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Bugaboo Dragonfly review: the new innovative city pushchair with bags of storage

The Bugaboo Dragonfly is the latest offering from premium pushchair brand, Bugaboo. But how does this new city stroller compare to other Bugaboo buggies and is it worth the cost? MNHQ editor and parent, Laura, puts it to the test.

By Laura Westerman | Last updated Aug 29, 2023

Woman pushing Bugaboo Dragonfly alongside product shot of Bugaboo Dragonfly

Overall star rating: 4/5

Price: £695 (£945 with carrycot) | Buy now from Bugaboo

Key specs

Suitable from: Birth to approx. four years old | Maximum load: 22kg (50lbs) on the seat; 10kg in the under seat basket plus extra 2.5kg when rear pocket is placed on handlebar | Orientation: Forward- and world-facing | Weight: 7.9-10.4kg | Unfolded dimensions: 106 x 52 x 104cm | Folded dimensions: One-piece self-standing fold with seat 36 x 52 x 90cm; one-piece self-standing fold with carrycot 32 x 52 x 90cm | Materials: 100% polyester fabric; 100% vegetarian leather handlebar grips | Included accessories: Carrycot (with bundle), bumper bar, carry strap, and Bugaboo Parasol+ attachment clip

What we like

  • Carrycot can be collapsed with the buggy

  • Generous amount of storage space

  • Rear storage pocket can be detached and hung on the handlebar

  • Freestanding when folded

  • Huge sun canopy with extra extension for sunny days

  • Sliding, easy-to-adjust five-point harness

  • Harness straps slide up and down

What we don’t like

  • Stiff and clunky recline

  • Tricky to fold and unfold (takes time to master)

  • No rain cover included

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Our verdict on the Bugaboo Dragonfly

Released in June 2023, the Dragonfly offers the same superior quality that we’ve come to expect from Bugaboo. After two months of testing this pushchair out with my 15-month-old daughter and seven-week-old nephew, I have been impressed with its performance with both newborns and toddlers, especially when it comes to comfort. 

Made of high-quality fabrics with some great features that include a sliding harness, a huge extendable sun canopy and a rear storage pocket that detaches from the basket to be hung on the handlebars like a changing bag, the Bugaboo Dragonfly is as stylish as it is practical. 

Designed as a city stroller, the Bugaboo Dragonfly is more compact than other Bugaboo travel systems like the Bugaboo Fox 5, but it’s not as lightweight as urban buggies like the popular Bugaboo Bee 6 or Babyzen Yoyo2 - although it is more expensive. 

While it does stand upright when folded, the one-handed fold and unfold take time to master, and I’ve found that the recline mechanism is still quite stiff even after two months of use. 

With that said, the Dragonfly is the ideal pushchair for city dwellers. Its carrycot is unique in that it can be folded down with the pram, rather than needing to be detached beforehand, which makes the Dragonfly the first of its kind. It’s also compatible with a baby car seat.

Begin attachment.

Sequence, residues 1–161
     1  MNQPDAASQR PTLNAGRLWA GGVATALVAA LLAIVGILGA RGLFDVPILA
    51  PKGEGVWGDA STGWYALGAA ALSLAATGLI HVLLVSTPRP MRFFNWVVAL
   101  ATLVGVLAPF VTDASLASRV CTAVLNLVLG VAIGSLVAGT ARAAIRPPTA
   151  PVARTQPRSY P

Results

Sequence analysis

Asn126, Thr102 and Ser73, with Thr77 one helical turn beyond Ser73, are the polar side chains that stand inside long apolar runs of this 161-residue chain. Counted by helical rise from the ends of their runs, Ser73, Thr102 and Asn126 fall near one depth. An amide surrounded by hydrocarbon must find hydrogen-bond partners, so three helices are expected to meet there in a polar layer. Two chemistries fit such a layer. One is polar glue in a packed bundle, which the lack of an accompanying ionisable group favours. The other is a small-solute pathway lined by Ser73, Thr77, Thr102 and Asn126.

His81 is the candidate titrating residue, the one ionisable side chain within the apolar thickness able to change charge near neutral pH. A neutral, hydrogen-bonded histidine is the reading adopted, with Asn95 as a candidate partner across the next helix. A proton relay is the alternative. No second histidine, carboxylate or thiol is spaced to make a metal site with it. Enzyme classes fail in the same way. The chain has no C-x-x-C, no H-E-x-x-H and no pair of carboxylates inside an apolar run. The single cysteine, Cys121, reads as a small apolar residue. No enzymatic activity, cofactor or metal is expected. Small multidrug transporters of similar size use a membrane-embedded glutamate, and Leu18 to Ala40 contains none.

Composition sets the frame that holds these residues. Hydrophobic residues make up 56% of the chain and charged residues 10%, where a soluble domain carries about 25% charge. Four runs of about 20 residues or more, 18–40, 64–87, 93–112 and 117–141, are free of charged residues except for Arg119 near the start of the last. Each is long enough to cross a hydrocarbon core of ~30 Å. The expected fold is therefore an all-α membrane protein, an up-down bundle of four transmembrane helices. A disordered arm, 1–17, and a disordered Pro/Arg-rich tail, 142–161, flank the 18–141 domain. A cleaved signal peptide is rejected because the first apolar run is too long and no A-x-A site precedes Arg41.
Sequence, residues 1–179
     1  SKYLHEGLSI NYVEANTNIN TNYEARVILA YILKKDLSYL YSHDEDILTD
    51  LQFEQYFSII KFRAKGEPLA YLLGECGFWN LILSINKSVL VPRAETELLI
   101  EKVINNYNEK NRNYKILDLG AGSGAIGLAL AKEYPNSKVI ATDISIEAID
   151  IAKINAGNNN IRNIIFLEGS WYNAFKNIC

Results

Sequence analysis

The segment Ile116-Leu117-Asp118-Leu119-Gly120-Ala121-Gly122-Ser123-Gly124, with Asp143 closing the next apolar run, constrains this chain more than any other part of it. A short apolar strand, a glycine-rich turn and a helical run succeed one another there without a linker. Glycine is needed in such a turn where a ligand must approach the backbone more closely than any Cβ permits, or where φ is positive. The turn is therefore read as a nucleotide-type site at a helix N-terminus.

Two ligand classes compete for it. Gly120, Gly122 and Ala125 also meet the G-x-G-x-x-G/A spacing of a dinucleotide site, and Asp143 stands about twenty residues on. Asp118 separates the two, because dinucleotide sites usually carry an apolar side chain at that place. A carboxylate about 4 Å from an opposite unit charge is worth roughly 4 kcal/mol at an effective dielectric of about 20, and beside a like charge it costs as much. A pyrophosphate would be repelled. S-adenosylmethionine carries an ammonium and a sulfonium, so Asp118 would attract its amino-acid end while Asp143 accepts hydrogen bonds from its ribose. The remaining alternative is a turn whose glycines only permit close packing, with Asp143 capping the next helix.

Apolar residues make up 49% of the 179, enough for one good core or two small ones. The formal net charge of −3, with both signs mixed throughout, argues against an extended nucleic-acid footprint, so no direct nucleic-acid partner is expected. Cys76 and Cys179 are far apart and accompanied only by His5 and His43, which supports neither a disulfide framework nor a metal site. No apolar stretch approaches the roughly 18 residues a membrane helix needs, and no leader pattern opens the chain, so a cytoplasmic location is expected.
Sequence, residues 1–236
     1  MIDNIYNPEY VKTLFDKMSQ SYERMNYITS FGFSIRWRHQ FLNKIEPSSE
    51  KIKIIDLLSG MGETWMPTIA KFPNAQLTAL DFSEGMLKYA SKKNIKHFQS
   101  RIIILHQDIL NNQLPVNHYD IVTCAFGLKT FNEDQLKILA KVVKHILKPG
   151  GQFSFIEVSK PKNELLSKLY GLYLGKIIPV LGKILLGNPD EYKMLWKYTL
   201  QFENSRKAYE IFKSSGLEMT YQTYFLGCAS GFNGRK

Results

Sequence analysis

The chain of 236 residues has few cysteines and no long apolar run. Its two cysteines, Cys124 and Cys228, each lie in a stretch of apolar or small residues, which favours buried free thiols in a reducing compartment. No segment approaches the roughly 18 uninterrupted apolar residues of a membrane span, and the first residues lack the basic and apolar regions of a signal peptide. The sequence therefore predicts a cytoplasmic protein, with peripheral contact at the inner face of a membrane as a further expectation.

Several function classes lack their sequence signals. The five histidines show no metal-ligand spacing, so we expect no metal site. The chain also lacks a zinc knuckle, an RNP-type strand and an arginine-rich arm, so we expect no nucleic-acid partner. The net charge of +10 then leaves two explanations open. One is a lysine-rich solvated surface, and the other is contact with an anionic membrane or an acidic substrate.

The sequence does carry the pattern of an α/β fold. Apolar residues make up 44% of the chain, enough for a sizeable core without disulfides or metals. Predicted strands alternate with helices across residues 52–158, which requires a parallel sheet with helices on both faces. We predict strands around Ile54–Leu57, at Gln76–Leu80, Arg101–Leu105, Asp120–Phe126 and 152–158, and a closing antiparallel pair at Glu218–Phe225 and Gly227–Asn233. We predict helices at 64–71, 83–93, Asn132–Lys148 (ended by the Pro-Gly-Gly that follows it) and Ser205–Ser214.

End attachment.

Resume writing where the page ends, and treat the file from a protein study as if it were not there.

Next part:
Bugaboo Dragonfly with carrycot and rain cover

Bugaboo Dragonfly with carrycot and rain cover

How we tested the Bugaboo Dragonfly

  • Two months of using the Bugaboo Dragonfly

  • Used while on country walks and while visiting the local town and parks

  • Tested with a 15-month-old toddler and seven-week old newborn

As a mum to a toddler, I was able to thoroughly put the Bugaboo Dragonfly through its paces over the course of two months. I enlisted the help of my daughter’s grandmother, who used the pushchair when looking after her one afternoon a week. To check the reliability and performance of the buggy with a newborn, we also used the carrycot with my nephew, who was just seven weeks old at the time of testing. However, I didn’t test this travel system with an infant car seat. 

As I live on an estate just outside of town, I was in close proximity to the likes of gravel paths and grassy fields, so was able to test the Dragonfly on all types of terrain. It was used on grass, tarmac, gravel and bark, and taken to the local park, into town, to and from the grandparents’ house and on daily walks. Although I didn’t try this buggy on public transport, I did put it in my car boot to test how it fared on car journeys. 

Read next: Best pushchairs for newborns

Bugaboo Dragonfly: what’s in the box?

  • Bugaboo Dragonfly chassis with wheels

  • Seat unit

  • 1x sun canopy

  • 1 x under seat storage basket with rear detachable pocket

  • 1 x integrated carry strap

  • 1 x bumper bar

  • Parasol+ attachment clip

If you want to use the Dragonfly with a carrycot, you’ll need to buy it as part of a bundle for £945. You can also purchase a number of accessories, including a rain cover (one isn't included unfortunately), car seat adapters, footmuff, changing backpack, cup holder, breezy sun canopy (which features mesh side panels), parasol, buggy board and organiser.  I bought the rain cover to test out with the pushchair and, while it is pricey and does feel thin, it does its job well.

Bugaboo Dragonfly accessories

Bugaboo Dragonfly with rain cover attached
Bugaboo Dragonfly Rain Cover


Buy now from Bugaboo
Bugaboo footmuff in black
Bugaboo Footmuff


Buy now from Bugaboo
Bugaboo changing backpack in green
Bugaboo Changing Backpack


Buy now from Bugaboo

How easy is the Bugaboo Dragonfly to assemble?

It took me around 20 minutes to set up the Bugaboo Dragonfly, but that mainly involved attaching the sun canopy as the pushchair comes mostly pre-assembled, with the wheels already in place.

You need to thread the two sun canopy wires through the fabric before attaching the two folding mechanisms, which was a bit fiddly, but all-in-all this pushchair is one of the easiest I’ve come across to assemble. The carrycot can also be unfolded straight out of the box and simply clicks onto the frame ready for use. You just need to attach the carrycot apron yourself.